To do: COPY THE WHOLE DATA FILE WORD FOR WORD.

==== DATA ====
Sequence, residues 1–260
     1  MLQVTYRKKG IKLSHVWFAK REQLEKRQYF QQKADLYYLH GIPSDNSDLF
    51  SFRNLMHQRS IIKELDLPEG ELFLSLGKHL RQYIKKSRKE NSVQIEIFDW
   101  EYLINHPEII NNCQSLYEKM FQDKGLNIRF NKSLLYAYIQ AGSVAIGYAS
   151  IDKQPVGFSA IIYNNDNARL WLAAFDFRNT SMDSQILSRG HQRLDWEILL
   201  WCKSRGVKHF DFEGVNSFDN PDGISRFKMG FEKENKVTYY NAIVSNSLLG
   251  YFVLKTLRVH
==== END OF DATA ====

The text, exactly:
Sequence, residues 1–260
     1  MLQVTYRKKG IKLSHVWFAK REQLEKRQYF QQKADLYYLH GIPSDNSDLF
    51  SFRNLMHQRS IIKELDLPEG ELFLSLGKHL RQYIKKSRKE NSVQIEIFDW
   101  EYLINHPEII NNCQSLYEKM FQDKGLNIRF NKSLLYAYIQ AGSVAIGYAS
   151  IDKQPVGFSA IIYNNDNARL WLAAFDFRNT SMDSQILSRG HQRLDWEILL
   201  WCKSRGVKHF DFEGVNSFDN PDGISRFKMG FEKENKVTYY NAIVSNSLLG
   251  YFVLKTLRVH